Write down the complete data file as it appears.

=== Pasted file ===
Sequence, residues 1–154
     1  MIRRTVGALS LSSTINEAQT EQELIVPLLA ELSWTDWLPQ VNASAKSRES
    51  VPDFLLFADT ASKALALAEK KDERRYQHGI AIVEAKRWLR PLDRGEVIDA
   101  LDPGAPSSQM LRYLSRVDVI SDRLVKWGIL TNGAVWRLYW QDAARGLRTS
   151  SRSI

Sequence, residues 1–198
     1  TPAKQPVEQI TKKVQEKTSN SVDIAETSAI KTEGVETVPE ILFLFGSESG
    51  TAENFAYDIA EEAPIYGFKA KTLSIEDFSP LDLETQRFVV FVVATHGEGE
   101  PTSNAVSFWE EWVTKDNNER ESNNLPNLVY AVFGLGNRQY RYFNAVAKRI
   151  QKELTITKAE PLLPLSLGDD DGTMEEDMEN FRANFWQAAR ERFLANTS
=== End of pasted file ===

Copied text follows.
Sequence, residues 1–154
     1  MIRRTVGALS LSSTINEAQT EQELIVPLLA ELSWTDWLPQ VNASAKSRES
    51  VPDFLLFADT ASKALALAEK KDERRYQHGI AIVEAKRWLR PLDRGEVIDA
   101  LDPGAPSSQM LRYLSRVDVI SDRLVKWGIL TNGAVWRLYW QDAARGLRTS
   151  SRSI

Sequence, residues 1–198
     1  TPAKQPVEQI TKKVQEKTSN SVDIAETSAI KTEGVETVPE ILFLFGSESG
    51  TAENFAYDIA EEAPIYGFKA KTLSIEDFSP LDLETQRFVV FVVATHGEGE
   101  PTSNAVSFWE EWVTKDNNER ESNNLPNLVY AVFGLGNRQY RYFNAVAKRI
   151  QKELTITKAE PLLPLSLGDD DGTMEEDMEN FRANFWQAAR ERFLANTS